I've had success with an R&R, but for a work of fiction (this still might be relevant to you though...) I actually didn't respond to the email, mostly because it took a while to work out if it was an R&R or just a helpful rejection. It ended with a line like, "I'm not sure if this can be saved, but since you have put work into it you may not mind doing more." Confusing, right? But I agree with others that it would be a good idea to send a return email thanking the agent for their feedback and expressing your intention to revise your book.

I would avoid giving yourself too much of a time limit though. Don't rush it. I resubmitted 3 months after the R&R and it didn't do me any harm.

I do think your R&R sounds encouraging, the agent appears to really like your work! Good luck on working out the structure...I'm sure you have common threads in the essays that you can tease out and expand on, to create an overarching story arc.

HoldinHolden
11-03-2013, 11:22 PM
Thanks everyone. All of your comments are definitely encouraging. I know it's hard to be helpful when I've been vague- I've tried for so long to keep the whole premise under wraps that it's hard to expand without feeling like I'm letting the cat out of the bag. I don't often question my own work, so this is an especially tough spot to be in- although not a bad one.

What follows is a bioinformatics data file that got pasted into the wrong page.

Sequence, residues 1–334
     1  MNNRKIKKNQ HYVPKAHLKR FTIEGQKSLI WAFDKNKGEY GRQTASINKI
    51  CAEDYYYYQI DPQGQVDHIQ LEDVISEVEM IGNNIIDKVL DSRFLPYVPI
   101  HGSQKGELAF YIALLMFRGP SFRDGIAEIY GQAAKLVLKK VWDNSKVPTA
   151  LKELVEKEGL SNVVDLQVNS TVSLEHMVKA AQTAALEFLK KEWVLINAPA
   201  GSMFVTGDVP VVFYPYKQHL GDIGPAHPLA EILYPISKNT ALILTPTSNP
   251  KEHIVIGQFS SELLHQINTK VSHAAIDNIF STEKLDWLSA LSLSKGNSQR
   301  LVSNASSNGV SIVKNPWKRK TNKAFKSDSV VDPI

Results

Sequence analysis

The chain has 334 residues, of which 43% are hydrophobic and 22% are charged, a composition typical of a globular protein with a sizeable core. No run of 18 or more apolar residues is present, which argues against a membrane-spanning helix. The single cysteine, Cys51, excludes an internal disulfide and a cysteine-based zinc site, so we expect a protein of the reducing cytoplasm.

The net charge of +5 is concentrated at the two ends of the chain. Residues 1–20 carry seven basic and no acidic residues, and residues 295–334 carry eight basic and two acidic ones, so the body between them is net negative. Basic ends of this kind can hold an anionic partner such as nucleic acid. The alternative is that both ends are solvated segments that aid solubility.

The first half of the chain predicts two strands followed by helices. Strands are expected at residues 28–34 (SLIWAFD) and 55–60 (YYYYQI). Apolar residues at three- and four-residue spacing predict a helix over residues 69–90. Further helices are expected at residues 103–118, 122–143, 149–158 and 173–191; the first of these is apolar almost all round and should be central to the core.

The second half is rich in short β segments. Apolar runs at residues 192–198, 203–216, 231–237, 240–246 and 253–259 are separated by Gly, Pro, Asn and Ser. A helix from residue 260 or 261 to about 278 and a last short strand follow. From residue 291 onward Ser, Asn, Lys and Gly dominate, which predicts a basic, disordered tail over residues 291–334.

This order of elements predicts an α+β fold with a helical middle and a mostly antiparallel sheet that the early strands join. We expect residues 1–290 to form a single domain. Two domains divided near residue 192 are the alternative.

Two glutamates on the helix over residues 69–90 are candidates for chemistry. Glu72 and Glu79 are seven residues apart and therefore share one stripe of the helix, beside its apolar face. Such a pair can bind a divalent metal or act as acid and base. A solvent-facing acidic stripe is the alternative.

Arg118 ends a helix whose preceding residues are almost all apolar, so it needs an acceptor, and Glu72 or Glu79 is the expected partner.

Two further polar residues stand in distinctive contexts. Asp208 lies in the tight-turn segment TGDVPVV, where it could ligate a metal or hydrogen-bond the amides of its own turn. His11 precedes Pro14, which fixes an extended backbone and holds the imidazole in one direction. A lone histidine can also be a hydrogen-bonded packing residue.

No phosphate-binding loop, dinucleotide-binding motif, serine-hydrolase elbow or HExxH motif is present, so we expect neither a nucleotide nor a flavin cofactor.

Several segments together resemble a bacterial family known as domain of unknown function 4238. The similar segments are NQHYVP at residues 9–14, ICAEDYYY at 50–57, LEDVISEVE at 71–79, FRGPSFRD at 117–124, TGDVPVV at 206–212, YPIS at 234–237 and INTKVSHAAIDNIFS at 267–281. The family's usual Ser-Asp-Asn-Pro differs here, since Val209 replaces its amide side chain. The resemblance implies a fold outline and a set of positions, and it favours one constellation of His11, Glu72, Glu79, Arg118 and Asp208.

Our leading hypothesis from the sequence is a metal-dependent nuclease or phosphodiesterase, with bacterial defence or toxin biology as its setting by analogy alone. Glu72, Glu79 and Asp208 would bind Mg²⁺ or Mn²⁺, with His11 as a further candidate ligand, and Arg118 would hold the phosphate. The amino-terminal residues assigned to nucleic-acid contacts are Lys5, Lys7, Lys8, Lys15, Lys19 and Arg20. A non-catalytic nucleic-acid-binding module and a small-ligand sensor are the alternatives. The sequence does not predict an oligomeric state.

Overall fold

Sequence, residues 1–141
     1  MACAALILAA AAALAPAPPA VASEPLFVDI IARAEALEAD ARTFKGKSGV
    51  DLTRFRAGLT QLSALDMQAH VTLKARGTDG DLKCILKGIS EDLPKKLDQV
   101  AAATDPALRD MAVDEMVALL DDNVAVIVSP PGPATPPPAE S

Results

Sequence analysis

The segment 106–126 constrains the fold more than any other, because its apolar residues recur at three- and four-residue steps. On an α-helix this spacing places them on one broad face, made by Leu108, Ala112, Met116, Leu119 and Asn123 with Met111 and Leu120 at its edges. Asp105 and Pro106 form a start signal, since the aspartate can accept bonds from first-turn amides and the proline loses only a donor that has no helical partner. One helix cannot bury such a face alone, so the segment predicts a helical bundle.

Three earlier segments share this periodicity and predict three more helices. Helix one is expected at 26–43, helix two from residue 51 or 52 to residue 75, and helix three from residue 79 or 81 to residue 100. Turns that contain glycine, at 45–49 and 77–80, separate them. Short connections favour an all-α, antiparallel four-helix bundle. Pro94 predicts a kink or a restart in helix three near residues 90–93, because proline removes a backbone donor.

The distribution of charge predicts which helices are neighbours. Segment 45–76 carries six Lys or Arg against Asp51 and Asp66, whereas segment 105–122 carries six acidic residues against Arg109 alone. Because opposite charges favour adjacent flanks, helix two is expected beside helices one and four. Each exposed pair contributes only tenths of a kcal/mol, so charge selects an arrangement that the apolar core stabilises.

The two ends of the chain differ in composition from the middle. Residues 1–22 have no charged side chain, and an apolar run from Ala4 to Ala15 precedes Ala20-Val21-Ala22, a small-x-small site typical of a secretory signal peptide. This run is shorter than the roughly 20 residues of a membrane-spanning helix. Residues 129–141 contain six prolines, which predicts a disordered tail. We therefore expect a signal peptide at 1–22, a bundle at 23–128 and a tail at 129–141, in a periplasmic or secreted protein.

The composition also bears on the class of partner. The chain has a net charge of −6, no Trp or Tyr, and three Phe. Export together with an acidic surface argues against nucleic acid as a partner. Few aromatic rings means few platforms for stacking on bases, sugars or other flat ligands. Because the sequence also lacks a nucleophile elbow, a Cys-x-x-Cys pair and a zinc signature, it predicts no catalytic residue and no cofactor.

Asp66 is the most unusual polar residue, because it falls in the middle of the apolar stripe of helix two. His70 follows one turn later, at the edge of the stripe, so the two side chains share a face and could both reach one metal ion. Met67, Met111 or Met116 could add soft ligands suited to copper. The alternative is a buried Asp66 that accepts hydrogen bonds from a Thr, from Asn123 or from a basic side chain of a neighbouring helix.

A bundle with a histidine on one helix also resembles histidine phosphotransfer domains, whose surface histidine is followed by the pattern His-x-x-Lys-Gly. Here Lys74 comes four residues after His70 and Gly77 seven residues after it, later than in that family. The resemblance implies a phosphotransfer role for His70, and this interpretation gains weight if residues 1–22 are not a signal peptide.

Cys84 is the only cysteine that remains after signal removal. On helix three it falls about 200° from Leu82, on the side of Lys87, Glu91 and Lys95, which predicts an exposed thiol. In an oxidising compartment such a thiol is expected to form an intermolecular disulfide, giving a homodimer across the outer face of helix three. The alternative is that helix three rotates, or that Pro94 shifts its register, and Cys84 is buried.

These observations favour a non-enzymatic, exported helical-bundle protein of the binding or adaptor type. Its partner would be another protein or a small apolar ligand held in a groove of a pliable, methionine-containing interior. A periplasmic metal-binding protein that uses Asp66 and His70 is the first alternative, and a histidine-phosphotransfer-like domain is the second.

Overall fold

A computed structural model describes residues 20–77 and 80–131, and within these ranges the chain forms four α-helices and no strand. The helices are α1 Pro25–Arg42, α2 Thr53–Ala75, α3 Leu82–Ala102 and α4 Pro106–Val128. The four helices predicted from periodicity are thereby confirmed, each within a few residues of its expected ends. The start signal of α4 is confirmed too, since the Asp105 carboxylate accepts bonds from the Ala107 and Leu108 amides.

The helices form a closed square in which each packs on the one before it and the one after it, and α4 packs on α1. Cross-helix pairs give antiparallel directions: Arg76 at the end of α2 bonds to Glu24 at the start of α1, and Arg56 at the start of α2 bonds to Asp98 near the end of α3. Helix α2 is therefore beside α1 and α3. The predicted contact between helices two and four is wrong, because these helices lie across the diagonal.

HoldinHolden
11-04-2013, 11:22 PM
Just wanted to update to say that taking a step back and not stressing about it really helped. I THINK I have found the perfect arc. So now I have a beginning, middle, and end- I just have to get from each point to the next. That and tweaking each chapter to where I decide to put them (before or after arc is very important for how they will be written) I think it could be really good!

The note-card idea is I think what I'm going to go with to better order these. Thanks for the suggestion Siri!

thebird
11-05-2013, 01:04 AM
Good luck with the organization! Let us know how it goes. (Also, I love notecards for organization, too!)

Noman
11-09-2013, 03:04 AM
Just received glowing feedback from publishing house editor. She's asking for revisions, Although time consuming (she's asking that I cut a 120 K word manuscript to 100K), there's no guarantee of a contract.
Also, they offer no advance.
Given this "chance", I'd like opinions on the following:
1. Shouldn't they edit (or give guiding notes) themselves?
2. Should I just go for self publishing?

Captcha
11-09-2013, 03:54 AM
Just received glowing feedback from publishing house editor. She's asking for revisions, Although time consuming (she's asking that I cut a 120 K word manuscript to 100K), there's no guarantee of a contract.
Also, they offer no advance.
Given this "chance", I'd like opinions on the following:
1. Shouldn't they edit (or give guiding notes) themselves?
2. Should I just go for self publishing?